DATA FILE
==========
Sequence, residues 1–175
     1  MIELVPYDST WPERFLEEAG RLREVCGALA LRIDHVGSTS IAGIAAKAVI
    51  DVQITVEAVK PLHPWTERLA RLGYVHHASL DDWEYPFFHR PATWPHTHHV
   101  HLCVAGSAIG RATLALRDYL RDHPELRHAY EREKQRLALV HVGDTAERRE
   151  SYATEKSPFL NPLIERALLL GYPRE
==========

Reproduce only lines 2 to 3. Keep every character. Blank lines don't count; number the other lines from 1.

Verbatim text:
     1  MIELVPYDST WPERFLEEAG RLREVCGALA LRIDHVGSTS IAGIAAKAVI
    51  DVQITVEAVK PLHPWTERLA RLGYVHHASL DDWEYPFFHR PATWPHTHHV